While unusually intelligent, Leach had no aptitude for the classroom. He was in risk of becoming a nobody on the road to nowhere when, in his mid-teens, he wound up backstage at Bristol’s legendary Hippodrome theatre and in a “dazzling land of smiling, jostling, people wearing and not wearing all sorts of costumes and doing all sorts of clever things. And that’s when I knew…. An actor’s life for me.”
He soon became a call-boy, alerting the performers when it was curtain time. He then moved onto other venues as a lighting man while also developing a lifelong passion for stage magic.
In 1918, he finally became a performer, joining the Bob Pender Troupe as a tumbler and acrobat. This was the first step to becoming a great comic artist as he learned to use his body, developing the physical grace and musicality seen in great comedians.
Archie Leach started playing in music halls throughout Britain. As fun and carefree as it looks to us peanut-munching punters, music hall performing was hard, rigorous work requiring hours and days of practice and rehearsal between up to four performances a day. . . but once the curtain rose and the lights fell, there came the reward of applause and approval: “ . . . it ruined me forever.”
In 1920, Leach accompanied the Pender Troup on their first tour of America, riding the vaudeville circuit. Eventually, the Pender Troup returned to England, but Leach contrived to stay, not returning until 1929. During the mid-twenties, Leach spent much of his time in New York, working his way through the “implicitly democratic” world of vaudeville, a wonderful time in showbiz history that Eyman captures with a fond and vivid eye.
Young Archie grew close to many of the legends of vaudeville, some of whom would also be big stars, among them George Burns, Gracie Allen, and Jack Benny. But while they were climbing the heights, Archie remained stuck. He hustled, selling ties on a street corner like a Bud Abbott (minus Costello), even becoming a stilt walker on Coney Island’s Steeplechase Park, a job at which he was, as Burns describes with his classic succinctness, “rotten.”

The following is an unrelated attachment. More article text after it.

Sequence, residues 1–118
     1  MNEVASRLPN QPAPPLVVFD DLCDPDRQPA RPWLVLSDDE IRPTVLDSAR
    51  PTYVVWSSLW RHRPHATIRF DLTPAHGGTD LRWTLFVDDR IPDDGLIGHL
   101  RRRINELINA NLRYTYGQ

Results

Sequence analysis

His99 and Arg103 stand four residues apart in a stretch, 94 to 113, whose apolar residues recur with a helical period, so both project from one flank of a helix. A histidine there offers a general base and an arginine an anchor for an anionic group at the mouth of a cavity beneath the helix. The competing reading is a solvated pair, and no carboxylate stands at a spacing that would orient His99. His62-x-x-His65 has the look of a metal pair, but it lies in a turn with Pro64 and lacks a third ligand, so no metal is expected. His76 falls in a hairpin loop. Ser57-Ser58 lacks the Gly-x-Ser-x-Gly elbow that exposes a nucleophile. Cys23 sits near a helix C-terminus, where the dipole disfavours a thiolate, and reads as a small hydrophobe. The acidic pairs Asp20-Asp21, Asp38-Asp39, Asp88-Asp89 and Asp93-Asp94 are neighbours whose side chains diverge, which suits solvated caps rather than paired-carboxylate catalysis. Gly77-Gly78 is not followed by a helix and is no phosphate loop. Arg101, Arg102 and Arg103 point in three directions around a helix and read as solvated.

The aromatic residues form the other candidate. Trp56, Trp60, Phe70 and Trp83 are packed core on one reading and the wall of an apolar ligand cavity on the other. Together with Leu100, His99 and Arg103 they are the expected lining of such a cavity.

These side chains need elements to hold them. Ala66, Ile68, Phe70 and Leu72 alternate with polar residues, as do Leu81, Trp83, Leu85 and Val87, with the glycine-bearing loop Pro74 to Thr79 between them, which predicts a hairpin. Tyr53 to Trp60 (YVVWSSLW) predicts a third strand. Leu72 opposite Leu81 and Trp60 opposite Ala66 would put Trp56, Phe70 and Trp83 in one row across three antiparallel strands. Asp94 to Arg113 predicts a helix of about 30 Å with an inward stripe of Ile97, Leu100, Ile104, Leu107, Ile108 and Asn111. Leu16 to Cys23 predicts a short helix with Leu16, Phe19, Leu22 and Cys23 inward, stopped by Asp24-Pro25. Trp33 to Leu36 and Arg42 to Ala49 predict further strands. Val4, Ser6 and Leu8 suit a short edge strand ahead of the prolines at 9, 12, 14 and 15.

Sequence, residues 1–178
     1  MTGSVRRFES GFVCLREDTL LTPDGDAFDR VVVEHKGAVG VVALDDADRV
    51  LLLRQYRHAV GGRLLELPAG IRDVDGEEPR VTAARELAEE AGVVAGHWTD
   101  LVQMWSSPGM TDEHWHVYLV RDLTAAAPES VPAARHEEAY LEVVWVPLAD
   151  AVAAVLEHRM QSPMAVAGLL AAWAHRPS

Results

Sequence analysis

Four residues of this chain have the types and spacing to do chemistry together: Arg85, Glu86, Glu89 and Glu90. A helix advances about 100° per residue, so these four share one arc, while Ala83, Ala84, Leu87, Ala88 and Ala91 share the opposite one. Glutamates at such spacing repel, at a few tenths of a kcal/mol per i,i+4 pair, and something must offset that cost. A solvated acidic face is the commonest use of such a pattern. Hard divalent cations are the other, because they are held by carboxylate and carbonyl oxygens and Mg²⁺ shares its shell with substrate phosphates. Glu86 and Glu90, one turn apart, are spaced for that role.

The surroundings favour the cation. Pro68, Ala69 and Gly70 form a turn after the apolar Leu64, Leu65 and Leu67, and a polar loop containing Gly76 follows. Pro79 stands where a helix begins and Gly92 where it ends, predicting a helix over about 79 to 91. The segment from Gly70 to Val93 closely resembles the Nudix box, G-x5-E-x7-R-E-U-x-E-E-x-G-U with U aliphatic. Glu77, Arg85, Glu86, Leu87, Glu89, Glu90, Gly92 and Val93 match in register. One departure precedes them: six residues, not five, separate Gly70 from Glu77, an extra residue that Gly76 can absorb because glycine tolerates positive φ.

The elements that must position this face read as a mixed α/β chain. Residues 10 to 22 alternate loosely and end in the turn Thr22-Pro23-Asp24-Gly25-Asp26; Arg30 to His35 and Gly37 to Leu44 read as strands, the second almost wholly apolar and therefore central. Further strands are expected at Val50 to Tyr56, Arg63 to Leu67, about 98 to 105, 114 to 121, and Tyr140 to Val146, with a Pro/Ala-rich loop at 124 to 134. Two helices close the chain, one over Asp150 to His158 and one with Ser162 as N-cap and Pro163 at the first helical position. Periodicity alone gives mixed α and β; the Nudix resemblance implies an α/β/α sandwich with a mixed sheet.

He finally joined a comedy act known as Robinson, Janis & Leach. By then, he’d been working hard on making over Archie Leach from Bristol. The “Bristol accent,” provincial even to Londoners, had to go, refashioned into a voice of his own invention with some borrowing from Noel Coward. He also further honed the music of comic timing. Leach slowly assembled and polished the disparate pieces to create a new man practically nothing like himself. The American story is often a tale of reinvention and, in this, Archie Leach became very much an American.
His soon wound up on the musical-comedy stage. His first appearance was in an Oscar Hammerstein II show called Golden Dawn, the first — and likely, thank God, the last — musical about the African slave trade. (It somehow managed to last 184 performances.)
In 1931, Archie Leach appeared in a movie, a bit part in a minor Paramount production called Singapore Sue. He still had his baby fat, concealing his magnificent bone structure and cleft chin. He was awfully pretty but not yet handsome and too much the overeager ingenue. He also performed in the long-lost genre of operettas, mostly around St. Louis.
In 1932, Archie Leach made the long drive from New York to Hollywood, with a new career in mind and a new name for his mask: the “Cary” was from a character Leach played in Broadway show called Nikki. The origins of “Grant” seem generic, but the close alliteration and single syllable must have pleased the ear — three syllables, hard at the ends, soft in the middle and there he had it:
Cary Grant, the right name, in the right place, at the right time. And the real work of invention began.
At the time, British actors were flooding Hollywood, their plummy accents resonant with the sound era. Most of them had received formal training at the best schools in England — except for Cary Grant. He’d gone through the same tough schooling as Charlie Chaplin and Stan Laurel and so remained mostly aloof from the colony.
By then he sensed what he had and how to use it to get ahead. He grabbed at and pushed for every opportunity. Ambition mixed with vanity is not a pretty thing and his pursuit of fame and riches made Grant sometimes unpleasant as he alternated between extraordinary stinginess (such as billing houseguests) and extreme generosity toward his ex-fellow vaudevillians that seemed to match his mercurial moods.